https://bhw.hrsa.gov/sites/default/files/bhw/nchwa/projections/nursingprojections.pdf

I have the same question as you do and throughout the entirety of my nursing school career, they constantly tell us "There is a nursing shortage".

The hospital that I had clinicals said the same thing - the RNs that I shadow would tell me how a friend they knew quit the profession within the first 5 years due to burnout, etc. and it's a relatively good hospital too.

I am currently applying to a different hospital (I love the hospital that I went to clinicals for and was a patient care tech there too - they were more than willing to give me a job as a new grad RN but I plan to move back home so it would make sense to find a job closer to home) and one of the units had rejected me, even though they were saying that they were constantly hiring new RNs...I went to their career fair and the HR recruiters were telling me over 400 new grads attended and application/hiring process is taking longer...so yeah...is there really a nursing shortage? I see my classmates getting jobs in their dream units (some in ICUs) at their dream hospital left and I'm here crossing my fingers...

In California, there's a shortage of experienced nurses. Thus, hospitals would prefer experienced nurses over New Grads.

calivianya, BSN, RN

Specializes in ICU.

Definitely a shortage in my area. My hospital's been offering "high vacancy incentive" for any nurse in any department in the entire hospital to pick up overtime in 12 week blocks because the hospital itself has greater than 30% of RN positions unfilled. Pretty much every night every unit has nurses over the ratios they're supposed to have, even the supposedly more desired specialties.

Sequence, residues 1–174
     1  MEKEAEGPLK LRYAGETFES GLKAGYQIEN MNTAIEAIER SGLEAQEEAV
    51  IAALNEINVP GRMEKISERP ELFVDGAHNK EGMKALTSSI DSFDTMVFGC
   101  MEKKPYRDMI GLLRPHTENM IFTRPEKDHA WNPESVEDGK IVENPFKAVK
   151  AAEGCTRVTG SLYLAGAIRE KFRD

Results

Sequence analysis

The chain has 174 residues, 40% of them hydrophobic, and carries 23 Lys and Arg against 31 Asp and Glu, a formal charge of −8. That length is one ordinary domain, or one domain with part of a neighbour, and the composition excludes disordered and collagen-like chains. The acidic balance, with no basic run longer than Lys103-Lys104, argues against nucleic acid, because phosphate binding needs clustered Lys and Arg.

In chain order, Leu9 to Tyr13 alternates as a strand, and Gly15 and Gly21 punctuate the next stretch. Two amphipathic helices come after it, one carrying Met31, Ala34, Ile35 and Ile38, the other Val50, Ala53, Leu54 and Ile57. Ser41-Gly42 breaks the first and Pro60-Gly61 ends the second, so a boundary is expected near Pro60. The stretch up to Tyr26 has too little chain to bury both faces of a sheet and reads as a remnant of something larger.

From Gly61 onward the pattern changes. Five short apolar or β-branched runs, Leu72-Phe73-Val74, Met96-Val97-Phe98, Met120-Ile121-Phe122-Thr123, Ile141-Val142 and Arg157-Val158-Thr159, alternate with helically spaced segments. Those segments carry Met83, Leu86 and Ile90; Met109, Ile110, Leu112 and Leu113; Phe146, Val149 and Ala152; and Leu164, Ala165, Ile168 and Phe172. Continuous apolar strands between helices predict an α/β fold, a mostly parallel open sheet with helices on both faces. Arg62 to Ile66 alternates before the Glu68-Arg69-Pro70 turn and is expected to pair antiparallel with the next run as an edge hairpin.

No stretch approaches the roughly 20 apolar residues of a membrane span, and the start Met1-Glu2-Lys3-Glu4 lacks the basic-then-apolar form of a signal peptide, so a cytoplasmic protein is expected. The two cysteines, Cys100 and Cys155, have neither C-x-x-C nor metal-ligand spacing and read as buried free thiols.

150 RN openings at my hospital alone and I suspect that they are underposting listings... there are nine listings for my unit currently, but those are a mix of days and nights. Nights could probably use at least ten more people and days are regularly even shorter-staffed than nights - nine listings is nowhere close to sufficient to bring us to full staffing.

Anyway, long story short, there are definitely areas of the country with a critical shortage, where we don't even have enough NEW GRADS to fill positions, let alone experienced nurses.

For kicks and giggles, here's what our staffing matrix looks like for a week closer to the end of May before the float pool staff get worked in. This includes regular staff plus current travelers. And yes, those negatives are the number of nurses below 18 per shift currently on the schedule, as the highlighting of one of the -10 days shows.